I agree with Mellinger that this decision probably has more emotional impact than it will have actual baseball impact – if Ponson or Ramirez doesn’t perform, they’ll be replaced soon enough. In particular, I'm wondering whether Moore is already having second thoughts about Ramirez in the rotation, and plans to bring Hochevar up as soon as the schedule requires five starters on a regular basis. (This would explain the decision to cut Jimmy Gobble, if the Royals see Ramirez as a lefty reliever in the long run.)
But I strongly disagree with the third point above. For one, Hochevar isn’t being rushed to the majors – he’s already spent nearly a full year in the Royals’ rotation. I would argue that he wasn’t rushed to the majors last year – despite his unimpressive ERAs in the minors, his peripherals were actually pretty good, and frankly, the #1 overall pick out of college should reach the majors in little more than a year.
But beyond that, I don’t see how you can have Hochevar penciled in as your #4 starter at the start of spring training, and then reach for your eraser based on the spring he had. Mellinger argues that Hochevar didn’t force the Royals hand by having a brilliant spring training. I didn’t think – and I bet Hochevar didn’t think – he needed to have a brilliant spring training. He wasn’t pitching to win a job; he was pitching not to lose his job, and I think he did just that. He had a 3.86 ERA in 16.1 innings in major league camp, notably surrendering just one homer in the warm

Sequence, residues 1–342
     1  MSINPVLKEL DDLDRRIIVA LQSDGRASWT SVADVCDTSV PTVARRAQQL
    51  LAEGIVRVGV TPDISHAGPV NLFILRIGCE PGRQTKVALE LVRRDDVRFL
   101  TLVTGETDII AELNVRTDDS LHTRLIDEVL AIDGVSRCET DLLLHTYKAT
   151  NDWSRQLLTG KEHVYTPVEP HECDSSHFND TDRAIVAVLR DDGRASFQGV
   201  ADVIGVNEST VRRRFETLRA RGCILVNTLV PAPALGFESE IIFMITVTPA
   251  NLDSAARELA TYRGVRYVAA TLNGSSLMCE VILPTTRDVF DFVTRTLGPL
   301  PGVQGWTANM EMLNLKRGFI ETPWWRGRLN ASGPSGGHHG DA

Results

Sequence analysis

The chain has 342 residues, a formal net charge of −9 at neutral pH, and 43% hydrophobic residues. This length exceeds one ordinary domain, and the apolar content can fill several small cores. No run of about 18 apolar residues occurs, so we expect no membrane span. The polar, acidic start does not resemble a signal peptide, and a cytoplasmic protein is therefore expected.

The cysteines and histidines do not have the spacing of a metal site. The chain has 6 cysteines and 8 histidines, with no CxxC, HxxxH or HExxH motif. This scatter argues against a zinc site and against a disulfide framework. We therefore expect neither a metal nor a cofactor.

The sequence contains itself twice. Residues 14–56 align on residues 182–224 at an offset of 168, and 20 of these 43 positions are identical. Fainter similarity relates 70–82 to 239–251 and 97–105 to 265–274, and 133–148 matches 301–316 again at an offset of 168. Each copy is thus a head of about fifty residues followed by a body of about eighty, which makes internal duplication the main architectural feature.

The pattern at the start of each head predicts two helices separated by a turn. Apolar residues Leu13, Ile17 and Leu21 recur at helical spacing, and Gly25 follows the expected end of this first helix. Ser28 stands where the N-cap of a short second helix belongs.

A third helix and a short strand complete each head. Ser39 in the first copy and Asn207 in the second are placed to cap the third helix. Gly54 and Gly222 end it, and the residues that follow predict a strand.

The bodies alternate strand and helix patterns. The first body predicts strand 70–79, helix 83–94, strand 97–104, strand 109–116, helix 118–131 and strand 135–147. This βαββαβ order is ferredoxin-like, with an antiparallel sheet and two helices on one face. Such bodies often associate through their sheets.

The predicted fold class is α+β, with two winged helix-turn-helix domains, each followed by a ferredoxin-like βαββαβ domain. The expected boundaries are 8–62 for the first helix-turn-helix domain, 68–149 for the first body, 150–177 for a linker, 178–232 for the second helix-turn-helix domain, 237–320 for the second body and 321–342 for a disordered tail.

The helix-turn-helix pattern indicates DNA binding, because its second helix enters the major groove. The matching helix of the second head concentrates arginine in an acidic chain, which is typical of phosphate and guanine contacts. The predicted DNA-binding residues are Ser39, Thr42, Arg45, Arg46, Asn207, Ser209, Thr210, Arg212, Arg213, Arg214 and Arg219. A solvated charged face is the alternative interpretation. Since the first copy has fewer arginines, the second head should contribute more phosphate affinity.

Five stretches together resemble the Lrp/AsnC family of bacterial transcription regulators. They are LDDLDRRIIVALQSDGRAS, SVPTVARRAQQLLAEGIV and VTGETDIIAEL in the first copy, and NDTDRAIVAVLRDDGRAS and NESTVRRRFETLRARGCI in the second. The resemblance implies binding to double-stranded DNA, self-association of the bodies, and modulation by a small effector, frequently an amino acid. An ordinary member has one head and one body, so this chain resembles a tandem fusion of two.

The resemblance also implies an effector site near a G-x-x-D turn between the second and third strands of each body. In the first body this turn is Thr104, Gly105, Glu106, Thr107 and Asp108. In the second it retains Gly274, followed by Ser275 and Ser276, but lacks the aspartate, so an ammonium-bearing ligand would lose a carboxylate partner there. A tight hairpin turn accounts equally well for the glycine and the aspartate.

I understand the merits of forcing your prospects to prove that they’re ready before handing them a job. I understand the message that can be sent to someone like Billy Butler, a message that says, “just because you’re young and talented doesn’t mean you can take this game for granted.” But this isn’t that. This is telling one of your most prized young pitchers – a guy who you selected #1 in all the land less than three years ago – that he’s going back to Omaha, not because he isn’t ready, not because he didn’t pitch well, but simply because a fat pitcher with a history of major disciplinary issues just caught your eye. What kind of message does this send to your young players? The message I’m taking away from this is that even if you’re drafted highly, even if you've been nurtured by the organization from day one, even if you do everything we ask you to do, we can still take your job away at any time if we develop a sudden hankering for someone else’s sloppy seconds. (Or in Ponson’s case, given that he’s played for six other teams before, sloppy sevenths.)